Exploring tide pools is a family-friendly and budget-friendly way to explore Monterey. Kids and adults alike will be thrilled by the marine life teeming in Central California's dramatic coast.
Tide pools are best visited at low tide, but the waiting is part of the fun. The anticipation makes the exploration all the more special. Each tide pool presents a unique blend of sea critters and plant life; no two visits will be the same. Explorers might find starfish, anemones, crabs, mollusks, tiny fish, sea urchins, and sand dollars.
As you wait for the tide to go out, take a walk on Monterey's gorgeous beaches. While you're not looking for tiny crabs, you might see some of California's more significant marine life. Seals, sea lions, and otters are often seen lounging on the rocks or swimming near the shore. Further off-shore, visitors are often treated to sightings of humpback whales, gray whales, and frolicking dolphins.
Monterey Tide Pool Guide
The Great Tide Pool is also known as Point Pinos. This spectacular tide pool is even viewable during high tide. Famed marine scientist Ed Rickett spent considerable time here studying the diverse wildlife in this tide pool. The Great Tide Pool is known as one of the richest and most diverse habitats in the world. Visitors will see starfish, various critters, and colorful underwater plant life. A boardwalk takes visitors over the dunes to the tide pool overlook.
At high tide, McAbee Beach shrinks to a sliver. At lower tides, the beach expands, and tide pools become more evident. Look for mollusks, fish, starfish, and crustaceans. McAbee Beach is named after John McAbee, who bought the land in the early 1900s and wanted to develop the beach area into a tourism hot-spot.
As a special treat, you might see sea lions enjoying the sunshine on the rocks. McAbee Beach is also known as an excellent spot to search for sea glass.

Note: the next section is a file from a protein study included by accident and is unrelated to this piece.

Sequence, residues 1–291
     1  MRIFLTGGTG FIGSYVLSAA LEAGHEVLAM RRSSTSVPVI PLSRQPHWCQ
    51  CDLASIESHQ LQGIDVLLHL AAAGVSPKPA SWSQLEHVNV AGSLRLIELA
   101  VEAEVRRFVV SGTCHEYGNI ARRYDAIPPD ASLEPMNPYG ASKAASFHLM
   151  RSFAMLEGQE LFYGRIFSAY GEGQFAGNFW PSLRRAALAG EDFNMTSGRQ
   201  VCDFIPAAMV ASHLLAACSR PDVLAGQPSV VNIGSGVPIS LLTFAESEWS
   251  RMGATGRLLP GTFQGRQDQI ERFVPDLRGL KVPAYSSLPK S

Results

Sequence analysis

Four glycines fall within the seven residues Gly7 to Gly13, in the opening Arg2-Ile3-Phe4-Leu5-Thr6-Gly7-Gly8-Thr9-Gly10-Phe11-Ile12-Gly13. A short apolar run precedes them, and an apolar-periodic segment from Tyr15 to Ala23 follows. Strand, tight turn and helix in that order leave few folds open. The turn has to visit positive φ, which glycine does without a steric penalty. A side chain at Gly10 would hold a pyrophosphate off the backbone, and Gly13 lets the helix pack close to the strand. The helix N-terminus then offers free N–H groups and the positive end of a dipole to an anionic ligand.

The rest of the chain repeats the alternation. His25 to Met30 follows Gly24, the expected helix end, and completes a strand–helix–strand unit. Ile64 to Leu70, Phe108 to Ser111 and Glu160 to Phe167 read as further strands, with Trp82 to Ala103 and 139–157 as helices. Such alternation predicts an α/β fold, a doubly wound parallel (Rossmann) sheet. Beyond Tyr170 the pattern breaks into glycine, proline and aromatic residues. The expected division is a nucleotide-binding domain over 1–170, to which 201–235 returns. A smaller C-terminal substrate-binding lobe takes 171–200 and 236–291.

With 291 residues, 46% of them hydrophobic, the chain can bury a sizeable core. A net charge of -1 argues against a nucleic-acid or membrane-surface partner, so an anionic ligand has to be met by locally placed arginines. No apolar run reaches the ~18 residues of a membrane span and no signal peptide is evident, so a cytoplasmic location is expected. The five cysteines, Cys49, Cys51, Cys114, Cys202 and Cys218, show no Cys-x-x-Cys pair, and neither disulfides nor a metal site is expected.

Lovers Point Beach features a beautiful area for tide pool exploration. The uneven rocks near the shoreline are a haven for critters. You might find mussels, kelp, and small crabs.
After you've checked out the tide pools, discover the rest of Lover's Point Beach. This is a famous beach for surfing, sunbathing, and playing volleyball. There's a kid's swimming pool, a restaurant, and a snack bar. Try your hand at fishing and see what other creatures hide in the water.
Point Lobos State Reserve is known as the crown jewel of California's park system. The dramatic landscape is perfect for surprising underwater finds. Weston Beach has protected pools and is a visitor favorite. Weston Beach is about halfway between the Sea Lion Point parking lot and Bird Island.
In addition to its rock pools, visitors will find rare plants as they explore the park. You'll probably also see seals, sea otters, and sea lions.
Asilomar State Beach is a one-mile strip of sandy beach that features rocky coves, perfect for low-tide exploration. The tide pools at Asilomar State Beach are full of marine life. You'll find sea urchins, sand dollars, and anemones.
You are also likely to see Pacific harbor seals and sea otters. You might even see Humpback or Gray whales and dolphins out at sea.
Enjoy the Best Tide Pools Near Monterey
Central California is a wonderful location for reconnecting with nature and discovering the smallest finds that bring the largest smiles. Exploring tide pools, enjoying the fresh air, and walking the beach are some of our favorite ways to spend time together as a family. Check out our blog for more family-friendly activities in Monterey.